Seth Jackson has created worldwide touring designs for Don Henley, Jason Mraz, Hilary Duff, Melissa Etheridge, American Idols Live, Carrie Underwood, Toby Keith, Kenny G, and Alice Cooper. He has twice been awarded the Parnelli Award for Set Designer of the Year in 2007 and 2008, has received the IES Award of Distinction in 1996, the Redden Award for Excellence in Lighting Design with the creative team for Star Wars in Concert, 2010. Creative Director for Selena Gomez, creative director and production designer for Barry Manilow’s Music and Passion, which ran at the Las Vegas Hilton for five years. He is an assistant professor of design at Webster University’s Conservatory of Theatre Arts.

Jackson joins the faculty of the Live Design Concert Master Classes on the panel: The Blank Page, with Steve Cohen and Butch Allen as they discuss how designers grapple with those earliest moments in the process: Where do you begin? Where do the ideas originate? Once an idea is approved, what happens next?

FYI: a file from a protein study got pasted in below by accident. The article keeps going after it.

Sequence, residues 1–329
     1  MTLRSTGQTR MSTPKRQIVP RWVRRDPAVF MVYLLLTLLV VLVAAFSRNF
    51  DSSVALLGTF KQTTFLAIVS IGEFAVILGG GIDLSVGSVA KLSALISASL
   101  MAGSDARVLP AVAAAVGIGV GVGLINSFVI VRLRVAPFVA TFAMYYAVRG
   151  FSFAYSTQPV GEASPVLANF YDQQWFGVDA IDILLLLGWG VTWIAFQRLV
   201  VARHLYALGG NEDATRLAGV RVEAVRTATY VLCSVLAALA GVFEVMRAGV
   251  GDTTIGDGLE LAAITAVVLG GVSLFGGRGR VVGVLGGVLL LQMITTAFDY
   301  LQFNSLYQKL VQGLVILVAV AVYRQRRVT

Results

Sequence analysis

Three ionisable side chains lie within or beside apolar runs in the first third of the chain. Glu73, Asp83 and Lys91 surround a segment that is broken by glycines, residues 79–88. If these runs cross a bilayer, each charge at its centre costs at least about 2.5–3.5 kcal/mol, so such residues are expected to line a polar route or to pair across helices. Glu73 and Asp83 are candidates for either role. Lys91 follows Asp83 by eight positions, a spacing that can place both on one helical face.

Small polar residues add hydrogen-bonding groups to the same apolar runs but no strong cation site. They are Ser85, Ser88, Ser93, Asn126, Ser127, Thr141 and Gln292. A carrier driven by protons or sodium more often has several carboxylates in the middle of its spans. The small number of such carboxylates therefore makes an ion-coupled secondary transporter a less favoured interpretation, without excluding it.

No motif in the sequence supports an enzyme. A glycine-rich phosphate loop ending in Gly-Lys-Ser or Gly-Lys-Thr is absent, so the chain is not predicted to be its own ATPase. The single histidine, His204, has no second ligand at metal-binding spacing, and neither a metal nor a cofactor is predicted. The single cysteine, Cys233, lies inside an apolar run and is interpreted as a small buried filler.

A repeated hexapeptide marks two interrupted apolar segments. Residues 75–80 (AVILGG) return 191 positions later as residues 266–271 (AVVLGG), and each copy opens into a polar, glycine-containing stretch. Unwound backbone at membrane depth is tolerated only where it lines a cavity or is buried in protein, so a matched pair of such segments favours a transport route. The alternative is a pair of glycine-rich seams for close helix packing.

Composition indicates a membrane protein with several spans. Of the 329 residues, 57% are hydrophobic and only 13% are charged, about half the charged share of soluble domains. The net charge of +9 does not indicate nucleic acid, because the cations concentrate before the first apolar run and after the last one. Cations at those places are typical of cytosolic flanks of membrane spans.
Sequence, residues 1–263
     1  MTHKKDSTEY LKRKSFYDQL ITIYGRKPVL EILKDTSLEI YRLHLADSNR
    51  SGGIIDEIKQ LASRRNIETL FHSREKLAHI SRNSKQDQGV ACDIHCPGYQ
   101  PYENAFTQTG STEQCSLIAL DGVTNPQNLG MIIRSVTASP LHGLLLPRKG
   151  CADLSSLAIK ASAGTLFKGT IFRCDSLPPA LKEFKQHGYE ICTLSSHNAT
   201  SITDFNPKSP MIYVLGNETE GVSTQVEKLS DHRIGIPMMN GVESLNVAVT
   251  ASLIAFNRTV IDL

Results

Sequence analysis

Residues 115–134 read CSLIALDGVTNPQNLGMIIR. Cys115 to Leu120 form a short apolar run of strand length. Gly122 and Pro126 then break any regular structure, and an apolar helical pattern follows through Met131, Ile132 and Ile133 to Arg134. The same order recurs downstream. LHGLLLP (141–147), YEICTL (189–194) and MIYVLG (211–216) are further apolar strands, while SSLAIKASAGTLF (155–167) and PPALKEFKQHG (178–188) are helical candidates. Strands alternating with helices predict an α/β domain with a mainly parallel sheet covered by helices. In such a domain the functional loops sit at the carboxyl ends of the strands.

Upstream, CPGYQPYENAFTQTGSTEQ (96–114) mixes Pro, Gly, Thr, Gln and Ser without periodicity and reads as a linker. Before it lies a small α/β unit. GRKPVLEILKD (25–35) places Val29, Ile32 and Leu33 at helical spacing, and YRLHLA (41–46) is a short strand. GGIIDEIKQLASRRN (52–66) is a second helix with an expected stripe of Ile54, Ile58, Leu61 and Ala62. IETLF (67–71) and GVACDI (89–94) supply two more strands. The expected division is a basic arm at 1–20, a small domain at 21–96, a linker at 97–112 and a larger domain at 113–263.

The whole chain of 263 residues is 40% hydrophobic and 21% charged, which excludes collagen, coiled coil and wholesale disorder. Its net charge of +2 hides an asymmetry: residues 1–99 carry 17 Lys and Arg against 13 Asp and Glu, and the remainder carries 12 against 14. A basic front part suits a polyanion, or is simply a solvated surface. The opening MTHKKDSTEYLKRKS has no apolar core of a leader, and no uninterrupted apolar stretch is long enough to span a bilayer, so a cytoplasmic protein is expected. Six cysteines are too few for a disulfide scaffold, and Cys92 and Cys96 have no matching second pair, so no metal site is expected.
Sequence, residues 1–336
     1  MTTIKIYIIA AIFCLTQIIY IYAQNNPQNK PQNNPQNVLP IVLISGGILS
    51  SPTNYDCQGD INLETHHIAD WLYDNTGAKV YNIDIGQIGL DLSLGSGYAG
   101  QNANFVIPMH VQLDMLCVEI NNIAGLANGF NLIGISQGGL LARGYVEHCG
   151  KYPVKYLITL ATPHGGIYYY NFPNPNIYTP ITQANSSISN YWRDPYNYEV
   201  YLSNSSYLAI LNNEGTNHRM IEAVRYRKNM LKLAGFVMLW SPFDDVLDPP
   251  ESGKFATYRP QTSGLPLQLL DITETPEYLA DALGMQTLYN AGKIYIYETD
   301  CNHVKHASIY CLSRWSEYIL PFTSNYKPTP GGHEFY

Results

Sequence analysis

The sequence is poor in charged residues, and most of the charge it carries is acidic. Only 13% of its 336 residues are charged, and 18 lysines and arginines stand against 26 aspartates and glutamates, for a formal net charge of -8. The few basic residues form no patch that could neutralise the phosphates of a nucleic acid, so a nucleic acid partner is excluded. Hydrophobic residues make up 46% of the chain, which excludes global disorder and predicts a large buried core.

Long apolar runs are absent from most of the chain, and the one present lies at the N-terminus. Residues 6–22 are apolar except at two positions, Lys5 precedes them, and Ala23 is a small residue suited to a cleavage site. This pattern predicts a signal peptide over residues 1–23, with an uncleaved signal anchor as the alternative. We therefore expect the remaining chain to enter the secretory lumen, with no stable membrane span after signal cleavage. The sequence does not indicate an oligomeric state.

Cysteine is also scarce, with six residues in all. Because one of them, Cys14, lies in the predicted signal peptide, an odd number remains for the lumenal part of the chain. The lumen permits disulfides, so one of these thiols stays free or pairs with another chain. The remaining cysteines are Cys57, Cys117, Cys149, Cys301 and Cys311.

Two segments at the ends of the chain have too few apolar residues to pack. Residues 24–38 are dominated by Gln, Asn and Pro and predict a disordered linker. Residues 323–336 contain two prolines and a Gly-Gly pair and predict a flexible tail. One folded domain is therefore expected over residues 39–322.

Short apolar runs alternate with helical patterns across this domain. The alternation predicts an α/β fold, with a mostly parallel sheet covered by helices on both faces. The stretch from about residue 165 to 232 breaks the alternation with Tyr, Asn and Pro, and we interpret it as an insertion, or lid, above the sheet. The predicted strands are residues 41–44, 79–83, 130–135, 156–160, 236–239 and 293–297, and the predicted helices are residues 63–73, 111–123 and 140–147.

Set design: do you design your own set? How best to collaborate with the production team and artist for creative concerns?

Most Recent Project: Alice Cooper Raises the Dead

First Big Break: Kenny G, 1997 (was supposed to be the programmer, but LD Valerie Groth was getting off the road, and surprised with a new plan during rehearsals).

Influences: Steve Cohen, Tharon Musser, Marc Brickman, Josef Svoboda

First Concert You Saw: Billy Joel, The Bridge Tour, 1987, in the old St. Louis Checkerdome

Favorite Concert Design Of All Time: Oh come on, that is tough! I'll say Alan Owen's design for the Genesis Mama Tour in 1984. I never saw it live, but I destroyed a VHS tape I had of the show from watching it so many times. The first truly automated lighting rig. Having learned on the VL1 desk, I'll never know how they pulled that off with that desk.

What Do You Most Like To Do When Not Working: I don't really feel like I have a job, so working not/working is a bit of a blur. I'm not too picky, just put me outside and in daylight and I'm good.

Related articles: